Consolidated Communications is partnering with the town of Chesterfield, New Hampshire to build and operate an all FTTP broadband network. The network will reach every home and business of the Northeastern town through a public-private broadband partnership.

According to an AP report, the network is jointly funded by Consolidated and the town, with Chesterfield issuing a $1.8 million bond to help fund construction. Consolidated contributed $2.5 million. The state of New Hampshire passed legislation in 2018 allowing communities to issue bonds for broadband infrastructure.

Chesterfield put the idea to a vote, and the citizens approved the bond measure. A $10 fee will be added to each bill until the bond is paid off, according to the AP report. Consolidated is advertising packages that start at $62.95, including the $10 fee, for a 50/25 Mbps connection, with a two-year contact. Once the bond is paid off, Consolidated will gain ownership of the entire network.

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“This ‘first-of-its kind’ partnership leverages municipal bonds to fund network construction and is a great example of an effective, public-private partnership,” said Rob Koester, vice president of consumer product management at Consolidated, in an interview with Telecompetitor.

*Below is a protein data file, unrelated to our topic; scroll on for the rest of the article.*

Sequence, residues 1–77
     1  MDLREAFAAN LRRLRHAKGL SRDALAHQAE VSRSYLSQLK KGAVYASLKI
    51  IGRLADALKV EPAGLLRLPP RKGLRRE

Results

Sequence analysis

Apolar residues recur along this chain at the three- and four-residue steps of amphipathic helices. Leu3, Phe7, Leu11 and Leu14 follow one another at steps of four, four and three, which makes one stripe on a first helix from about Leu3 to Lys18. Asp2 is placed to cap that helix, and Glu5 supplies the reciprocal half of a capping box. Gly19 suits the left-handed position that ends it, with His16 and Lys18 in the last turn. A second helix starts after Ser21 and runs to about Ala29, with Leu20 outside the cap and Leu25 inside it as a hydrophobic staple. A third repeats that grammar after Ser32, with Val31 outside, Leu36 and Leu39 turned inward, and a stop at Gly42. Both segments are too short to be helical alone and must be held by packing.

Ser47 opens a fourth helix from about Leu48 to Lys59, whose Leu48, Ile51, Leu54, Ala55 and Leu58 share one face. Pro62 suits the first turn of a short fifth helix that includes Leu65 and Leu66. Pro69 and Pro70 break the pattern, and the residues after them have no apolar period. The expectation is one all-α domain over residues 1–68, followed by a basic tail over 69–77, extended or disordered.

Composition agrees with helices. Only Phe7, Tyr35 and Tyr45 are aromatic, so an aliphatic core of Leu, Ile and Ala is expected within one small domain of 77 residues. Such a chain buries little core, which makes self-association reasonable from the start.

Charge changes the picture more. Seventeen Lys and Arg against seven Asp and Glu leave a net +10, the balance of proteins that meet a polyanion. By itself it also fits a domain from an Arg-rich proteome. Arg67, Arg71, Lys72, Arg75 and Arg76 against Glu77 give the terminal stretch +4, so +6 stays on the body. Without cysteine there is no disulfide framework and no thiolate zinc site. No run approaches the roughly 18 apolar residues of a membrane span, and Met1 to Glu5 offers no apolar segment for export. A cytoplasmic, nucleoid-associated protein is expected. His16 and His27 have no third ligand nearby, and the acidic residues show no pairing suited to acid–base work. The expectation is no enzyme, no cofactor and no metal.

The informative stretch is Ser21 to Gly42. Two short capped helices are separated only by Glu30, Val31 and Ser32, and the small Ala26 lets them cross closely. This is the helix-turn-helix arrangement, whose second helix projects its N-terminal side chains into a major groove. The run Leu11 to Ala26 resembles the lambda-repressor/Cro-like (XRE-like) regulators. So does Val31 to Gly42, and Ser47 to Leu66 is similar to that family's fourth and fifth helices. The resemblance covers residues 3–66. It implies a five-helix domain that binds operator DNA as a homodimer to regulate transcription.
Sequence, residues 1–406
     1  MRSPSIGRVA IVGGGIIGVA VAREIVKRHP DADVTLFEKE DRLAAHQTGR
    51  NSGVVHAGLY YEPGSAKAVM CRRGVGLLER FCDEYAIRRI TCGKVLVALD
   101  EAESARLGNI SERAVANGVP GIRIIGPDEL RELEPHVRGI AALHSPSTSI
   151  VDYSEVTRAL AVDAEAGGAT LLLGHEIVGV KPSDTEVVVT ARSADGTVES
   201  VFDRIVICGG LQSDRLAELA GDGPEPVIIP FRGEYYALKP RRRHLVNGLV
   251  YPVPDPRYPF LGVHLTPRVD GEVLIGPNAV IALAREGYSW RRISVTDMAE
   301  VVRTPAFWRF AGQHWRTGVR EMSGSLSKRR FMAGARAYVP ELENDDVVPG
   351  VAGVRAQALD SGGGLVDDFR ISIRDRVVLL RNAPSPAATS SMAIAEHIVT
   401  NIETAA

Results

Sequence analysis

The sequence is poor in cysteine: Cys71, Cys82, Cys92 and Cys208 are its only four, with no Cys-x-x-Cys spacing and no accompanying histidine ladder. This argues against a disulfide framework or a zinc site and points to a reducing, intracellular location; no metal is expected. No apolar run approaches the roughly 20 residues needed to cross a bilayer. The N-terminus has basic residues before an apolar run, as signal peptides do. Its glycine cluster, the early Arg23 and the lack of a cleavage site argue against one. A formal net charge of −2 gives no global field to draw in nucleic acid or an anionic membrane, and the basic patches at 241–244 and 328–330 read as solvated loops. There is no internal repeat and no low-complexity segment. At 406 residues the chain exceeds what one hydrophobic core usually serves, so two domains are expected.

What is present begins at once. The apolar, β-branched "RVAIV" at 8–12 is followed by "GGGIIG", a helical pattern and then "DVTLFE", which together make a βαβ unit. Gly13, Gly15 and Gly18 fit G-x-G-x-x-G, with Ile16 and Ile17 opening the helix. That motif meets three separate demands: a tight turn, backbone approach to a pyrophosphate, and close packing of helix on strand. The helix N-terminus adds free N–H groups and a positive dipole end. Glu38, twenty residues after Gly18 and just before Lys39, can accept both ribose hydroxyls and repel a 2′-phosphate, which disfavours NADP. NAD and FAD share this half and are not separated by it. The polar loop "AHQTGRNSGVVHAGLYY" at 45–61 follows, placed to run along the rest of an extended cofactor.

This is but one example of public-private partnerships for broadband infrastructure. There are other models as well, as many communities look to get creative to bring better broadband to their constituencies.

“From the beginning, residents and businesses in our town have expressed their enthusiastic support for broadband expansion,” said Jon McKeon, chairman of the Chesterfield Board of Selectmen in a press release. “Our new high-speed Internet network will give everyone in Chesterfield the chance to connect to services and opportunities in a way that was not previously possible, providing a much-needed boost to our overall economic growth and standard of living.”

Consolidated is not new to the public-private broadband trend. The company entered into at least one additional partnership with the community of Brooklin, Maine earlier this year.

According to Koester, it probably won’t be the last. “We have additional opportunities, following the same framework, already in the pipeline, which will begin construction in 2020,” said Koester. “This is a unique model that is perfectly suited to leverage our capabilities as an incumbent provider in rural markets.”

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3 thoughts on “Consolidated Lands Another Public-Private Broadband Partnership Project

  1. The article discusses the funding of the network but not the ownership. Who or what entity actually owns the network infrastructure?

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